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GAME TIME
ROGER ANGELL

GAME TIME by Roger Angell
11 reviews (2003) (192p)
TIME Magazine Best Nonfiction Books

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Book Description
"Roger Angell has been writing about baseball for more than forty years . . . and for my money he's the best there is at it," says novelist Richard Ford in his introduction to Game Time. Angell's famous explorations of the summer game are built on acute observation and joyful participation, conveyed in a prose style as admired and envied as Ted Williams's swing. Angell on Fenway Park in September, on Bob Gibson brooding in retirement, on Tom Seaver in mid-windup, on the abysmal early and recent Mets, on a scout at work in back-country Kentucky, on Pete Rose and Willie Mays and Pedro Martinez, on the astounding Barry Bonds at Pac Bell Park, and more, carry us through the arc of the season with refreshed understanding and pleasure. This new selection represents Angell's best writings, from spring training in 1962 to the explosive World Series of 2002, with many chapters not previously seen in book form.


Amazon.com Review
In Game Time, Roger Angell's essays illuminate baseball's heart and history in careful prose that New Yorker readers have grown to anticipate each spring. The collection spans the forty-plus years of Angell's baseball writing career and includes many of his favorite pieces as well as never-before-published material.

Rather than stringing the selections together chronologically, the book's editor, Steve Kettmann, groups them by the three seasons of the game—spring, summer, fall. The structure works well to expose the breadth and depth of Angell's writing across the years. As Richard Ford promises in the introduction, "It is by getting those. . . baseball essentials (strategies, nuances, protocols) down onto the page, and cementing the hard foundation without which sporstswriting can't earn your time away from the game itself, that Angell has made his bones."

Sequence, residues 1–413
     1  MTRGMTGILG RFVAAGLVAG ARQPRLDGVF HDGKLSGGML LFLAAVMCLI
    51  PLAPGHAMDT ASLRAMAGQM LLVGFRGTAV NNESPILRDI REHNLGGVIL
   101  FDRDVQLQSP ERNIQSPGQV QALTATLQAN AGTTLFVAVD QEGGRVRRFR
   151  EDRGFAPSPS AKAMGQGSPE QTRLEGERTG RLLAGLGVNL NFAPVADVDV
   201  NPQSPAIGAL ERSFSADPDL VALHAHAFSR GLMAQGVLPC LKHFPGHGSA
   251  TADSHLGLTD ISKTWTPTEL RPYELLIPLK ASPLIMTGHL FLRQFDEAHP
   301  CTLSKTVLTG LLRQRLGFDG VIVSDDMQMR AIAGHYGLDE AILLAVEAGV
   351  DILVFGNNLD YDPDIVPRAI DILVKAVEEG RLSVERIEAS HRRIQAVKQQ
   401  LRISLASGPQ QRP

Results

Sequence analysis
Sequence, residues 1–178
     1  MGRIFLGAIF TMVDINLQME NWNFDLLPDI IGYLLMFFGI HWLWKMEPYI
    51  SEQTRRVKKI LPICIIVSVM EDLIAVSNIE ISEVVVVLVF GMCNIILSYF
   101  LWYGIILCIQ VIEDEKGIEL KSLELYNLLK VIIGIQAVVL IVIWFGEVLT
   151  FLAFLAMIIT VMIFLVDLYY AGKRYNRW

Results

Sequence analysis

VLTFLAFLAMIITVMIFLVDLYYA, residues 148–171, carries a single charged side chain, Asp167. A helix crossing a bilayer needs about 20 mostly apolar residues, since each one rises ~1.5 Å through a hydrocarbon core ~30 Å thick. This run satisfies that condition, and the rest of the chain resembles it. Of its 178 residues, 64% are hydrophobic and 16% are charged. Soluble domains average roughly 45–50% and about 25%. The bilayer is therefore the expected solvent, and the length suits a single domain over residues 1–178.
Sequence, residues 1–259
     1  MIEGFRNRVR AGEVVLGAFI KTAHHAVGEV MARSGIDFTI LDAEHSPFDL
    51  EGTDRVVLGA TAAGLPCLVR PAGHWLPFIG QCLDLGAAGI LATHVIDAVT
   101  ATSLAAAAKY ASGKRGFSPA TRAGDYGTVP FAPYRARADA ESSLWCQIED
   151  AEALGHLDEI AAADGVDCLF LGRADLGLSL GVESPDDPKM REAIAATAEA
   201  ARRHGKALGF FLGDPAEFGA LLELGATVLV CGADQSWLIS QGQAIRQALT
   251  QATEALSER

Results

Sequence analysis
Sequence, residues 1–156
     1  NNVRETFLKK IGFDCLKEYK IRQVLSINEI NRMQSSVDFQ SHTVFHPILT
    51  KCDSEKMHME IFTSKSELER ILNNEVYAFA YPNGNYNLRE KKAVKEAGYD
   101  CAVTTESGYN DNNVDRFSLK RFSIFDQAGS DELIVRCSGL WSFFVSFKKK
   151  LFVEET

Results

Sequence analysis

The downside of this approach, however, is that some selections feel dated or misplaced for readers who did not live through the seasons in question. Many of the rookies scouted or players traded have long since faded into the obscurity. And for essays like "Distance," which profiles pitcher Bob Gibson, placement in "Summer" seems forced, the piece beginning as it does with recollection of Gibson's seventeen strikeout record set in the 1968 World Series.

But these are faults to be expected in a collection that represent the vastness of Angell's contribution to baseball. In Angell, baseball is blessed to have found its perfect fan: literate, humble, and always eager for spring.--Patrick O'Kelley


Roger Angell Award Stats
Major Prize* Nominations 0  
Unique Books Nominated for a Major Prize* 0  
Pulitzer Prize Wins 0  
Pulitzer Prize Nominations 0  
National Book Critics Circle Award Wins 0  
National Book Critics Circle Award Nominations 0  
National Book Award Wins 0  
National Book Award Nominations 0  
Man Booker Prize Wins 0  
Man Booker Prize Nominations 0  
PEN/Faulkner Award Wins 0  
PEN/Faulkner Award Nominations 0  

*Major Prize = Pulitzer Prize, National Book Critics Circle Award, National Book Award, Man Booker Prize, and PEN/Faulkner Award

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